خصوصیات طیفی از افت شنوایی ارثی اتوزومی مغلوب در ایران
Characterising the spectrum of autosomal recessive hereditary hearing loss in Iran
Sloan-Heggen CM, Babanejad M, Beheshtian M, Simpson AC, Booth KT, Ardalani F, Frees KL, Mohseni M, Mozafari R, Mehrjoo Z, Jamali L, Vaziri S, Akhtarkhavari T, Bazazzadegan N, Nikzat N, Arzhangi S, Sabbagh F, Otukesh H, Seifati SM, Khodaei H, Taghdiri M, Meyer NC, Daneshi A, Farhadi M, Kahrizi K, Smith RJ, Azaiez H, Najmabadi H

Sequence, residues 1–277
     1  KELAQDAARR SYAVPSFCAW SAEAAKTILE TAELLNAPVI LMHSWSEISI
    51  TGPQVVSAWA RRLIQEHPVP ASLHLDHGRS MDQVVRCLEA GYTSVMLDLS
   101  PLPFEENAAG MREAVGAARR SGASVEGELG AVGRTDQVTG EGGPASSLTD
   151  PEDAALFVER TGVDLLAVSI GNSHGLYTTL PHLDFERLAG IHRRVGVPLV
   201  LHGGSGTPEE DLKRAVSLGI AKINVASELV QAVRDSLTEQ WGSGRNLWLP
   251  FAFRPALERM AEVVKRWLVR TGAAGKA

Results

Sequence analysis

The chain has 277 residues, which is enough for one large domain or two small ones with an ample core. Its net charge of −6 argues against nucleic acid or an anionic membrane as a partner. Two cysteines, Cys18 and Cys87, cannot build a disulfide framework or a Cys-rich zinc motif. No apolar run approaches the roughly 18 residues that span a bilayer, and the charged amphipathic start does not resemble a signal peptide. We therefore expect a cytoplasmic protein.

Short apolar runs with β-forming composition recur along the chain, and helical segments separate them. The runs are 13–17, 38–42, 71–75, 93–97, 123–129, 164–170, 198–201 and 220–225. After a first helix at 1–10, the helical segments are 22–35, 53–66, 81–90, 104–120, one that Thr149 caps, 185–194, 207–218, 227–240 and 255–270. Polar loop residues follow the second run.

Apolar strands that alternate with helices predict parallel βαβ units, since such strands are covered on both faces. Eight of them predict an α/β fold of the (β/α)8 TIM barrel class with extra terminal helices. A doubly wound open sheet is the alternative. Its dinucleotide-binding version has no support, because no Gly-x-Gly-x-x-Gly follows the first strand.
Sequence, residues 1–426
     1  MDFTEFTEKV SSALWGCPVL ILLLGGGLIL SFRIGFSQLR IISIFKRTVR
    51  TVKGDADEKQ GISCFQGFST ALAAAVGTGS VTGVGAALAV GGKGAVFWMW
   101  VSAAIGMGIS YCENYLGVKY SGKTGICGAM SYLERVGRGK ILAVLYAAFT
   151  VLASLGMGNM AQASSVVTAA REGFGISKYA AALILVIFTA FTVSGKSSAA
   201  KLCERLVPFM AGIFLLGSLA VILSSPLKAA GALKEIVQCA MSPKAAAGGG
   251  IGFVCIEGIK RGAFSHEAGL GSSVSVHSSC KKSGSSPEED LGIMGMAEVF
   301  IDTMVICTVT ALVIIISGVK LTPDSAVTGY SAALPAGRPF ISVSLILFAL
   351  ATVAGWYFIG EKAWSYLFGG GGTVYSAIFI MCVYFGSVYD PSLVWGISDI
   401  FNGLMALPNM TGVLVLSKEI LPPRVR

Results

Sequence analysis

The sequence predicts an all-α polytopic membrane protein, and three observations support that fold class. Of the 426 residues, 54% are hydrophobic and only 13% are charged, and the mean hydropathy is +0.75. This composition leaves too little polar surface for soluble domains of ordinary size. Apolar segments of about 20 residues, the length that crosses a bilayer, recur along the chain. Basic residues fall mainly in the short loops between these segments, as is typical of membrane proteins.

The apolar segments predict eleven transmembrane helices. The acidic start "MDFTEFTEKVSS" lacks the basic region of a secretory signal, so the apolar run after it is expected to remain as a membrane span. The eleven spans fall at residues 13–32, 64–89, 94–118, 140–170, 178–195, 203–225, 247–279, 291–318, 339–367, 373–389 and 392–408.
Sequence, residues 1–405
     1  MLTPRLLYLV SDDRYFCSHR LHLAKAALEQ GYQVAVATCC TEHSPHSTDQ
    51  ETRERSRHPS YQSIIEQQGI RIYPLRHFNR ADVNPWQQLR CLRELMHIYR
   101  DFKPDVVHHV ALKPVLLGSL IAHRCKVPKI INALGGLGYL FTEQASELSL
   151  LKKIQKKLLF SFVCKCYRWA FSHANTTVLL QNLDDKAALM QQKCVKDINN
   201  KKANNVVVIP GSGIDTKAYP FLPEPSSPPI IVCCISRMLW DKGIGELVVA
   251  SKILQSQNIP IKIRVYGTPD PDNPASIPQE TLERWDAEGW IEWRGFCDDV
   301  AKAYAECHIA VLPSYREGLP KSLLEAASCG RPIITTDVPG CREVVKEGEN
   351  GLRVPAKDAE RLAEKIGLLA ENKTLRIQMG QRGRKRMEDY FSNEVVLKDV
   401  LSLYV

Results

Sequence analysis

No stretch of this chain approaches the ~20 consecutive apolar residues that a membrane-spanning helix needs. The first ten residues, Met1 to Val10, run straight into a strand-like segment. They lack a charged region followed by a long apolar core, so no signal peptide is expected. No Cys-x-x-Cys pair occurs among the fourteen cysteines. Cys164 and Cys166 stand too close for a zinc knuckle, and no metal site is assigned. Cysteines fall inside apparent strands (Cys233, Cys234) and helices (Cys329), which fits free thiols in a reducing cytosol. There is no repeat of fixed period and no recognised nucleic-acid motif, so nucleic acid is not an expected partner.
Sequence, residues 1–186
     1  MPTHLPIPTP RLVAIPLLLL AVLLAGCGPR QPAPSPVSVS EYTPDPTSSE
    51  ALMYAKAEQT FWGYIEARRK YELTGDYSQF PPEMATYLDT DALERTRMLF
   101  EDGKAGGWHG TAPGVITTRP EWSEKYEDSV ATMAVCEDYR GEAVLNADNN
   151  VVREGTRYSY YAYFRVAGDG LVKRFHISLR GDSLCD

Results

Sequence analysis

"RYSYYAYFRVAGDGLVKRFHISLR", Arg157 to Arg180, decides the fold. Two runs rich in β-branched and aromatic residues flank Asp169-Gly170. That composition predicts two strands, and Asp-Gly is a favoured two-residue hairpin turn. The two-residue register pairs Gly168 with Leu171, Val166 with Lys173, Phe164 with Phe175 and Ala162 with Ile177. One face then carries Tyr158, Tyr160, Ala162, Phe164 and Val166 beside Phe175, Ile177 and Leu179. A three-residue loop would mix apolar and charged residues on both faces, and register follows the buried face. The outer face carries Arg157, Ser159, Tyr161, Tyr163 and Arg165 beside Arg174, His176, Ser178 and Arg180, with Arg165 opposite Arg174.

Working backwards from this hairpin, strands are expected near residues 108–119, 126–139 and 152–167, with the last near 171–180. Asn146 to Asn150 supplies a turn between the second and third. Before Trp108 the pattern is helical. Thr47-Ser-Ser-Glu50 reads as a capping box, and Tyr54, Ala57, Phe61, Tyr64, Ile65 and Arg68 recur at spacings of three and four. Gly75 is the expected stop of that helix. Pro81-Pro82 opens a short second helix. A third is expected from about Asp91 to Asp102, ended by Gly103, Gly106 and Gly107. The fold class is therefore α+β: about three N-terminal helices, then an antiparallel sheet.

BACKGROUND: Countries with culturally accepted consanguinity provide a unique resource for the study of rare recessively inherited genetic diseases. Although hereditary hearing loss (HHL) is not uncommon, it is genetically heterogeneous, with over 85 genes causally implicated in non-syndromic hearing loss (NSHL). This heterogeneity makes many gene-specific types of NSHL exceedingly rare. We sought to define the spectrum of autosomal recessive HHL in Iran by investigating both common and rarely diagnosed deafness-causing genes. DESIGN: Using a custom targeted genomic enrichment (TGE) panel, we simultaneously interrogated all known genetic causes of NSHL in a cohort of 302 GJB2-negative Iranian families. RESULTS: We established a genetic diagnosis for 67% of probands and their families, with over half of all diagnoses attributable to variants in five genes: SLC26A4, MYO15A, MYO7A, CDH23 and PCDH15. As a reflection of the power of consanguinity mapping, 26 genes were identified as causative for NSHL in the Iranian population for the first time. In total, 179 deafness-causing variants were identified in 40 genes in 201 probands, including 110 novel single nucleotide or small insertion-deletion variants and three novel CNV. Several variants represent founder mutations. CONCLUSION: This study attests to the power of TGE and massively parallel sequencing as a diagnostic tool for the evaluation of hearing loss in Iran, and expands on our understanding of the genetics of HHL in this country. Families negative for variants in the genes represented on this panel represent an excellent cohort for novel gene discovery.Click here to read more.